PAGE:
Tuesday, May 29, 2012
The Rise of the New Economy Movement
"One recent calculation is that 400 individuals at the top now own more wealth than the bottom 160 million."
Gar Alperovitz / 2012 What's the Real Truth?
The broad goal is democratized ownership of the economy for the “99 percent” in an ecologically sustainable and participatory community-building fashion. The name of the game is practical work in the here and now—and a hands-on process that is also informed by big picture theory and in-depth knowledge.
Thousands of real world projects — from solar-powered businesses to worker-owned cooperatives and state-owned banks — are underway across the country. Many are self-consciously understood as attempts to develop working prototypes in state and local “laboratories of democracy” that may be applied at regional and national scale when the right political moment occurs.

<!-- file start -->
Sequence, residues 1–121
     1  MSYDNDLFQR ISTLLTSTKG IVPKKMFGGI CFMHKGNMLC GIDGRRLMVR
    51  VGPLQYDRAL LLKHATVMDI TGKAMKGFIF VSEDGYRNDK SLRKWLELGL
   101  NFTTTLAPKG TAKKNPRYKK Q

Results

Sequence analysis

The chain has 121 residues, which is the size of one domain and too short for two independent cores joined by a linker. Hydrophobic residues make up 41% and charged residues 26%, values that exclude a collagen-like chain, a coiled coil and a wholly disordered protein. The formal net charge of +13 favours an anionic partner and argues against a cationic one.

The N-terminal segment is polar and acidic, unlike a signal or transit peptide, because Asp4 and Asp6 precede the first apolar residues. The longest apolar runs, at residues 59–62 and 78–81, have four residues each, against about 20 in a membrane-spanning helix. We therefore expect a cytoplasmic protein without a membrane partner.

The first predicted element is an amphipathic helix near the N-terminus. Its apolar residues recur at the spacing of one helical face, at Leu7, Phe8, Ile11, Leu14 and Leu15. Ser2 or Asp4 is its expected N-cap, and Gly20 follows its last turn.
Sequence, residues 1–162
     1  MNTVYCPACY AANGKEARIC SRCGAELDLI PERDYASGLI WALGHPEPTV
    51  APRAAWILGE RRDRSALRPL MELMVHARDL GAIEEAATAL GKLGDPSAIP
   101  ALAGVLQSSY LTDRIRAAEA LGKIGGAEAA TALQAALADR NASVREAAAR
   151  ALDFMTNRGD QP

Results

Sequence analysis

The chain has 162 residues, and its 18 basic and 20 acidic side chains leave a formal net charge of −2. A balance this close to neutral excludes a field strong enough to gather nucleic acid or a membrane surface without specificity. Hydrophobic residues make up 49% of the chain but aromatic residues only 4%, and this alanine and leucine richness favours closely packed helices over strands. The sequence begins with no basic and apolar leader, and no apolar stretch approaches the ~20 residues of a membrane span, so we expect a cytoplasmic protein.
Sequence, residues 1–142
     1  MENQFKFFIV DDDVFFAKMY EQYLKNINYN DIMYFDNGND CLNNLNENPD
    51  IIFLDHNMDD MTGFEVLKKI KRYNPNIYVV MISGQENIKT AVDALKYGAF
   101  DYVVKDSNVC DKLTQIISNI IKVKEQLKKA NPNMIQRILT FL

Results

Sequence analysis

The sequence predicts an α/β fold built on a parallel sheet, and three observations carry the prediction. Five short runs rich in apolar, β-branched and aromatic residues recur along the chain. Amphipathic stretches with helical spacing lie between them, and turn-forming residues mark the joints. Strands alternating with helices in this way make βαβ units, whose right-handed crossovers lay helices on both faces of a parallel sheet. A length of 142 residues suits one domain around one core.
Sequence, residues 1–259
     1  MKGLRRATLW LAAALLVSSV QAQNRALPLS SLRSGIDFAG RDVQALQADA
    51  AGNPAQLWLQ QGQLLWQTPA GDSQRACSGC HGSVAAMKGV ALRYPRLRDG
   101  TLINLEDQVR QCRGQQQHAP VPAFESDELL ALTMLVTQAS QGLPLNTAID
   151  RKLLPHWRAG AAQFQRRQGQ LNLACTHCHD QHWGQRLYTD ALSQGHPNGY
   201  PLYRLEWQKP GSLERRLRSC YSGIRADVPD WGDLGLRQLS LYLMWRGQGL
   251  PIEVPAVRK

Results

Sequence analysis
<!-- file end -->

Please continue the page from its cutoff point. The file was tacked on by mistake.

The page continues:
The movement includes young and old, “Occupy” people, student activists, and what one older participant describes as thousands of “people in their 60s from the ’60s” rolling up their sleeves to apply some of the lessons of an earlier movement.
Explosion of Energy
A powerful trend of hands-on activity includes a range of economic models that change both ownership and ecological outcomes. Co-ops, for instance, are very much on target—especially those which emphasize participation and green concerns. The Evergreen Cooperatives in a desperately poor, predominantly black neighborhood of Cleveland, Ohio are a leading example. They include a worker-owned solar installation and weatherization co-op; a state-of-the-art, industrial-scale commercial laundry in a LEED-Gold certified building that uses—and therefore has to heat—only around a third of the water of other laundries; and a soon-to-open large scale hydroponic greenhouse capable of producing three million head of lettuce and 300,000 pounds of herbs a year. Hospitals and universities in the area have agreed to use the co-ops’ services, and several cities—including Pittsburgh, Atlanta, Washington, DC and Amarillo, Texas are now exploring similar efforts. Read More